Small and medium enterprises (SMEs) in the low-carbon, clean energy and sustainability sectors can now use a handy interactive online tool to identify funding opportunities most relevant to their sector, development stage and financial requirements. The Access to Finance Navigator was recently launched by none other than energy giant Royal Dutch Shell, building on the company’s existing funding and awards offerings.
“One of the biggest challenges facing the world today is how to produce more energy for economic growth, while significantly reducing carbon dioxide emissions,” Royal Dutch Shell CEO Ben van Beurden said. “Collaboration and entrepreneurialism are paramount to finding solutions to meet these challenges, which are the cornerstones of our #makethefuture campaign.”
The Access to Finance Navigator is a curated digital database of 84 investment sources totalling £157 million in value. These sources include governmental organisations, venture capital funds and crowdsourcing platforms, as well as region-specific opportunities for businesses based in the United Kingdom (UK). The tool was developed by Shell Springboard, which has awarded approximately £3 million to 86 enterprises since 2005.
“Shell Springboard provides low-carbon entrepreneurs with a vital foothold on the funding ladder, but for many this is just the start of a journey to secure the finance they need,” said Erik Bonino, Shell UK’s Executive Vice President for Downstream Technology.
“To help navigate the funding landscape, we developed the Access to Finance Navigator with experts in finance and the low-carbon sectors. Alongside our wider enterprise development programmes, this provides the type of support low-carbon businesses in the UK are seeking.”
The announcement was made over the weekend, in celebration of Shell’s #makethefuture initiative at its “festival of ideas and innovation,” Make the Future London. The four-day event is supported by Shell Springboard and Shell LiveWIRE. According to the company, the latter invested US$4.3 million globally in 2015, and has supported 6,200 entrepreneurs throughout its 34 year history. One such entrepreneur is Solveiga Pakštaitė, who won a Shell LiveWIRE Smarter Future Award and 2016 Shell Staff Inspiration Award for her food expiry label Bump Mark.
In support of the launch, Pakštaitė added, “For a startup business to get off the ground, funding is key. Understanding which funding sources are best for your business and navigating the huge range of funding resources available can take as much time as applying for the money itself. Shell Springboard's Access to Finance Navigator is a great idea and will make it much easier for entrepreneurs in the sustainability and low carbon sectors to find the funds they need. It's hugely valuable.”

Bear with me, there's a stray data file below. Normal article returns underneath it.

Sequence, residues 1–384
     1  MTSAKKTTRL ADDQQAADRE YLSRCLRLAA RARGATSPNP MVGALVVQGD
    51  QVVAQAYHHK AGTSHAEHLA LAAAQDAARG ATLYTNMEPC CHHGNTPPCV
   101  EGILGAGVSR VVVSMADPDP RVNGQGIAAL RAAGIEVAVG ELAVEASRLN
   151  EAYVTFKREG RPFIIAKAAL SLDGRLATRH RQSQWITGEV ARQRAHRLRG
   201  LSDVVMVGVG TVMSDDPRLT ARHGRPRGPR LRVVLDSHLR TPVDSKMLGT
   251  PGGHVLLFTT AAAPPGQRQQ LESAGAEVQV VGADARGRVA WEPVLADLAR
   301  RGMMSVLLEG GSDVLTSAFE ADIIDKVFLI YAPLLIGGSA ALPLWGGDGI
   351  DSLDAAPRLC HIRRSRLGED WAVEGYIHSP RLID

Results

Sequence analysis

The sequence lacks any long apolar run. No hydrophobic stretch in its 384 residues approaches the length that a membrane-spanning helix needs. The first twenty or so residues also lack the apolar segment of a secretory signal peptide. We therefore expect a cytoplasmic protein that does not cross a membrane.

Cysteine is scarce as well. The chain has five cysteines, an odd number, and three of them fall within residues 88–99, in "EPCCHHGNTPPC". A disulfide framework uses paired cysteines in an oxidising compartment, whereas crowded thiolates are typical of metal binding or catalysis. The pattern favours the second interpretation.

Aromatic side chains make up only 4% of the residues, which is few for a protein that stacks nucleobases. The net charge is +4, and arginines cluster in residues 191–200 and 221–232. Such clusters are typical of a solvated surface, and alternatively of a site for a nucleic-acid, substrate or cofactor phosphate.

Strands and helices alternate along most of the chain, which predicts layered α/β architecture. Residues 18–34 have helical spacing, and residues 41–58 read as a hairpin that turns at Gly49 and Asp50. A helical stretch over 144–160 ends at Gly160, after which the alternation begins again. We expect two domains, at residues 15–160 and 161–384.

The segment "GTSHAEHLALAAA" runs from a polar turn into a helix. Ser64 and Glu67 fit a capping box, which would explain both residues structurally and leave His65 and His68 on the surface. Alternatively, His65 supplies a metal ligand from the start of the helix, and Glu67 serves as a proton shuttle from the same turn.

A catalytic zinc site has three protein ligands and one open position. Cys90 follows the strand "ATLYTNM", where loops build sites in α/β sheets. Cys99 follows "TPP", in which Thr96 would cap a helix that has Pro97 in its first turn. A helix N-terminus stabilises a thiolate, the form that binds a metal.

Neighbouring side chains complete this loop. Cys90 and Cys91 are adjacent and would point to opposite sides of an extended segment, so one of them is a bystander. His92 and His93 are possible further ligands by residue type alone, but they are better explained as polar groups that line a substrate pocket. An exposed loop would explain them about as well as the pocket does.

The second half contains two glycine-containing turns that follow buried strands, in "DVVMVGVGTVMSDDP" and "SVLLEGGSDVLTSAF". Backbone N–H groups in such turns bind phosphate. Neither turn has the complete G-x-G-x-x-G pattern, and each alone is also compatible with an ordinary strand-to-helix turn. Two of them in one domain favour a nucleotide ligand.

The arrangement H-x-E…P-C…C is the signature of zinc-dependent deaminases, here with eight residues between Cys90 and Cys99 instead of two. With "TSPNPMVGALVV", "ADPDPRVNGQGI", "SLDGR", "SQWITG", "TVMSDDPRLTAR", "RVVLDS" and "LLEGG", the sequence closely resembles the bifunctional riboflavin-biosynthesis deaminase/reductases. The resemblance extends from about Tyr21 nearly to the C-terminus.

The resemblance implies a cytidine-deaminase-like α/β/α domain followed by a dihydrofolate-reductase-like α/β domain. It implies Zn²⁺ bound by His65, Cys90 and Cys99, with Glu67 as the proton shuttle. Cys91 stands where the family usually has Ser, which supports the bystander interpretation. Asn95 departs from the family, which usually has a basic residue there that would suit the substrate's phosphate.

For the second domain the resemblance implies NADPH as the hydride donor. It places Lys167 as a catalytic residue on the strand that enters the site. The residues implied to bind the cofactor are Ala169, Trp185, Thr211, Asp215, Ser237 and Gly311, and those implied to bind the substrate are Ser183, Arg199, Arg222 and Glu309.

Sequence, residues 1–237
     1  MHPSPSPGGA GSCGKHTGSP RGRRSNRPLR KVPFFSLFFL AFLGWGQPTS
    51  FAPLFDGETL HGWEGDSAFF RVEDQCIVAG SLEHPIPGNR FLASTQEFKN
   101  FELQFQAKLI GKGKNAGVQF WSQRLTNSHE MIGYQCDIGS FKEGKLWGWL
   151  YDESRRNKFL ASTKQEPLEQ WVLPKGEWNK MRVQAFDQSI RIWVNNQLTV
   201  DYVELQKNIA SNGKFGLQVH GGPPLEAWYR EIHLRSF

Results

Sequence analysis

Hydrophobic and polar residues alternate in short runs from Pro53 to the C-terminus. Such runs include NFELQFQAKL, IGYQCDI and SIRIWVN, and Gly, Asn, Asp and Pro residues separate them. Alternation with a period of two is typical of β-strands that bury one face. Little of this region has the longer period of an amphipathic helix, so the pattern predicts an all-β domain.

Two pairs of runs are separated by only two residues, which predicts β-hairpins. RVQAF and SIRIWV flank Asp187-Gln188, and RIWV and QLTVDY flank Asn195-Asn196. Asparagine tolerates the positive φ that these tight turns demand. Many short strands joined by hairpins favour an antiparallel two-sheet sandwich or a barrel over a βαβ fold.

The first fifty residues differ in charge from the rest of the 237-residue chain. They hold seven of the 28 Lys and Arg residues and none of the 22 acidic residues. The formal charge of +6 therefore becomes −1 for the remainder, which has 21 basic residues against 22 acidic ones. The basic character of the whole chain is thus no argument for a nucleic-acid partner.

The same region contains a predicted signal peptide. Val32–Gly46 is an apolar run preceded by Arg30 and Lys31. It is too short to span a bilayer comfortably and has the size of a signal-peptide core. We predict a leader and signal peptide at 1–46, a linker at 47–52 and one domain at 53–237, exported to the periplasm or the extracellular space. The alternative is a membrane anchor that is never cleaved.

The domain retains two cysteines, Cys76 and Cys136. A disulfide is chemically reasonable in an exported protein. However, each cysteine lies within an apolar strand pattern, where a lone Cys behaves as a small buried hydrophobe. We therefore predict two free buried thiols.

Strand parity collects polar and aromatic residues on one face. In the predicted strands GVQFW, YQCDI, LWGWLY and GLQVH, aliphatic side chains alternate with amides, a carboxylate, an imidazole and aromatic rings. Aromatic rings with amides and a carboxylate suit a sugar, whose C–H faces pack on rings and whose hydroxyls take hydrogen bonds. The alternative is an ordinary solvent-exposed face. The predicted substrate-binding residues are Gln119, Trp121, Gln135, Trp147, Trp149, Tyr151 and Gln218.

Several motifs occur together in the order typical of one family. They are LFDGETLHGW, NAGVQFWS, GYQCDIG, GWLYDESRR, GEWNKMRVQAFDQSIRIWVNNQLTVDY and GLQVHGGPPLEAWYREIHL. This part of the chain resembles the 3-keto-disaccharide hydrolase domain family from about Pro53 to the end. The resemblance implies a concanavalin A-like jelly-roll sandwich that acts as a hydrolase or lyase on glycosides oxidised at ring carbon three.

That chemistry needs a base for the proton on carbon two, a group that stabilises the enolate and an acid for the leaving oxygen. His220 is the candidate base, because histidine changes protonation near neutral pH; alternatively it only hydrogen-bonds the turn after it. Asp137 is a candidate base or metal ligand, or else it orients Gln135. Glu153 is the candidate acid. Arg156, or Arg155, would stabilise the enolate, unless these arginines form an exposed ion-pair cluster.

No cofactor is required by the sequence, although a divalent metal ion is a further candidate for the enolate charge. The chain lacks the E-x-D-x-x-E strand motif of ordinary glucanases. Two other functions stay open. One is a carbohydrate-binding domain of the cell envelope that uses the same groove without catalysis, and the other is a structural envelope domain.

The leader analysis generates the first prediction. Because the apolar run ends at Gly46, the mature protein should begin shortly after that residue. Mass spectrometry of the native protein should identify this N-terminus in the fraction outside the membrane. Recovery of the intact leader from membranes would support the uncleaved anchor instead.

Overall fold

The festival showcased 50 entrepreneurs supported through Shell programs. Visitors were able to experience their technologies first-hand, including Capture Mobility’s wind turbines that harness the air of passing cars, Gravity Light’s lighting system powered by the force of gravity from a weight, meals cooked using bio-bean’s fuel from recycled coffee waste, and Pavegen’s paving slabs that convert energy from people’s footsteps into electrical power.
In partnership with Pavegen – which is both a Shell LiveWIRE winner and one of the Unilever Foundry 50 startups – Shell installed the world’s first player- and solar-powered football (soccer) pitches in Rio de Janeiro, Brazil and Lagos, Nigeria. The projects, completed over the past two years, were completed with the help of global football icon Pelé and recording artist Akon.
Adaptavate, a startup producing biodegradable alternative to plasterboard, received extra support as the focus of one of “the festival’s biggest brainstorms,” the Shell #makethefuture Accelerator. The workshop is designed to help startup founders overcome challenges such as scaling, manufacturing and resourcing. This year’s audience boasted entrepreneurs such as Blaise Belville, Founder of Boiler Room and Eben Upton, Founder of Raspberry Pi.
Vehicle technologies also took centre stage at the festival, including through the Shell Eco-marathon, which saw approximately 200 student teams from Europe and Asia compete on a specially designed track around Queen Elizabeth Olympic Park to see how far their eco-friendly cars can travel on a single litre of fuel.